• Oct 26, 2011 - 9:02AM

    Ok else should come to teach them prayer, the heart of religion and faith; religious education and serve them in their camps. Fact cannot be denied that poor masses lacks knowledge of religion, they have nothing to wear, eat, care for their health, educate their children to enable them live as civilised citizens, to decide what is good and what is wrong. Those who have reservations should jointly come forth to help these poor in all respect.


  • Ali
    Oct 26, 2011 - 9:59AM

    @BruteForce: It is just a charity work no need to scare.


  • MarkH
    Oct 26, 2011 - 10:25AM

    Keeping the ground realities in mind, banned groups need to find support somehow or they would no longer be groups. That’s hard to pull off if you don’t get on your target group’s good side. It’s even harder when you have gotten negative publicity that was deserved. The crappy image brings the need to step up the image repairing at an increased pace.
    More simply put: The worse they look, the nicer they’ll get.
    It’s strategy. One that works fairly well, too. There are even bonuses that come with the circumstances. While being nice when they are being condemned by a governing body it brings people closer to them and further away from others because they start questioning the validity of what gets said about those groups, combined with them looking like that group will provide them with the things their current alignment won’t. Things they are desperate for. Which is an easy requirement to meet when it comes to people hit by tragedy and the government is busy looking every which way but the victim’s of said tragedy. That results in making their trust and loyalty shift sides. You’re a good example of how well it works.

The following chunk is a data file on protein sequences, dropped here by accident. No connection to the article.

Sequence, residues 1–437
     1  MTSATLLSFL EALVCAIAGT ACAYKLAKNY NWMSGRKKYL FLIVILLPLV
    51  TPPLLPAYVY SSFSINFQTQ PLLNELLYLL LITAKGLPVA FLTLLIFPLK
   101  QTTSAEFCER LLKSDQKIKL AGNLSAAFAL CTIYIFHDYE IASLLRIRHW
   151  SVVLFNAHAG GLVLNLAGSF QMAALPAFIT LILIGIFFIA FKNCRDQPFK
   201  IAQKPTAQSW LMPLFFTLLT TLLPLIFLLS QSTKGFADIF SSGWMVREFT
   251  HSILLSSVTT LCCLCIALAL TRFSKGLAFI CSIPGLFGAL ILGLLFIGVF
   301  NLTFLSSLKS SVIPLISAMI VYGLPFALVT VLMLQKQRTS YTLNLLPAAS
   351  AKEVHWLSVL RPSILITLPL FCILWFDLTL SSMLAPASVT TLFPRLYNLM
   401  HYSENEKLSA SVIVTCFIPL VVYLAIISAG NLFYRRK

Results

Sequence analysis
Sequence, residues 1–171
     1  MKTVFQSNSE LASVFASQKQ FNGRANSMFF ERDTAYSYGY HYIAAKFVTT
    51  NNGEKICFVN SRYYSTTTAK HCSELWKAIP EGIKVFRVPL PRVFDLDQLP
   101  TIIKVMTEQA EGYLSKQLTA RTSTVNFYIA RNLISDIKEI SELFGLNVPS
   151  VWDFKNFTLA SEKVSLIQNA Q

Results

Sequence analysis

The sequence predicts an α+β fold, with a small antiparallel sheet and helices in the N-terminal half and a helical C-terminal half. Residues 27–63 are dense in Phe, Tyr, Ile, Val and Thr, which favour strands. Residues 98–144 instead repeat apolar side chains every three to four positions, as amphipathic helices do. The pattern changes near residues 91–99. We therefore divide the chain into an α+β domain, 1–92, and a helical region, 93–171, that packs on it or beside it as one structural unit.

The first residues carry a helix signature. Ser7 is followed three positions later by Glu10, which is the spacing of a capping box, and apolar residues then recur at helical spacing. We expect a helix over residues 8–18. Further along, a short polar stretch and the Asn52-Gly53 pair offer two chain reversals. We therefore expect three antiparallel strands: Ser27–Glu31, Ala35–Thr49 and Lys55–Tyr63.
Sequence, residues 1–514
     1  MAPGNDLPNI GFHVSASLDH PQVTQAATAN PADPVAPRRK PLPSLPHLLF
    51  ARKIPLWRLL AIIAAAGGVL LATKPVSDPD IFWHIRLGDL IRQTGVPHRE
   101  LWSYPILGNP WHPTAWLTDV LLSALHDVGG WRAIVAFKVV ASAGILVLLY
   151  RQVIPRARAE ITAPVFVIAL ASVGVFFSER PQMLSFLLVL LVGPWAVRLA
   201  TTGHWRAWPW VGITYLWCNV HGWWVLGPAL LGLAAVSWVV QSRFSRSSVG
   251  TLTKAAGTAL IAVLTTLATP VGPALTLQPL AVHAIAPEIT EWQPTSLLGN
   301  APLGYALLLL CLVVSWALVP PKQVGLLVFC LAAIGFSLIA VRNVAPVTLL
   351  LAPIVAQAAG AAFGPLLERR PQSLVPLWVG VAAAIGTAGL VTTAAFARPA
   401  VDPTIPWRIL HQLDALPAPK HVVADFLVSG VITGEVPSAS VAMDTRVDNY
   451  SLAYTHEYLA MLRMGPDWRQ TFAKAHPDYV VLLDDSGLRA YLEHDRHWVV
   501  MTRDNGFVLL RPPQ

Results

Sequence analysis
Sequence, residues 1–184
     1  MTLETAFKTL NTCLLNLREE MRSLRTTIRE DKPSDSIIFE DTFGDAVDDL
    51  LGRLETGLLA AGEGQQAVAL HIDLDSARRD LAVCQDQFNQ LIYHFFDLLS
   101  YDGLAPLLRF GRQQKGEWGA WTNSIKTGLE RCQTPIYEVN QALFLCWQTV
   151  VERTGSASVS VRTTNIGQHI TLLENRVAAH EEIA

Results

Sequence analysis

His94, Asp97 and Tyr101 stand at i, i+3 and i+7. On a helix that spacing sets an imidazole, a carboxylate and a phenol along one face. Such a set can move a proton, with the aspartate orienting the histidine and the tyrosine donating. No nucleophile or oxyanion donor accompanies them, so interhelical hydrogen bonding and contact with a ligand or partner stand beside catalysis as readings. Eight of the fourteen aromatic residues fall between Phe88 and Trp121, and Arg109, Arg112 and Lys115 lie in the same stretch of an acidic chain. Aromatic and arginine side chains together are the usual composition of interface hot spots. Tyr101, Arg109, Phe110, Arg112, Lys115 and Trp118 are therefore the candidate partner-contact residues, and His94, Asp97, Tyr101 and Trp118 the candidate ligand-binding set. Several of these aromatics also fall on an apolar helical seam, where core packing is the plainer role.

It’s taking advantage of the weak, slow and vulnerable. Many of the most insane and depraved murderers in history have something in common in how they work. They make their victims lower their guard by feigning kindness.


  • Waqas
    Oct 26, 2011 - 10:38AM

    FeF is a welfare organizationa and has provided extremely good and quick service to everyone in all calamities. Its that some extremists like jameel and bruteforce cannot fathom this fact. They only listen to what western media tells them, go there and see for urself. NO ONE is forced to do anything, not even on namaz which is a must for all muslims. Atleast you should have the guts to accept whatever good they are doing!


  • Noor
    Oct 26, 2011 - 11:06AM

    Please don’t be CIA Spokespersons; who all out of above critical people went out to help earthquake affected people in 2005 or flood affectees 2010?

    Positive efforts must be appreciated.

    And, if there was any negative activities of an organization, how could have courts acquitted them?


  • AF
    Oct 26, 2011 - 11:11AM

    They are one of the major charity units in Pakistan and it should be appreciated. I admit that religious extremism should be restrained from preaching their ideology but to keep them from their charity work is not the right way for it. They should be thanked for their great job but at same time a proper and strong check is mandatory during their activities.Recommend

  • Abdullah
    Oct 26, 2011 - 11:14AM

    Religious Charity organizations had helped greatly during kashmir Earthquake and then the flood victims in whole of country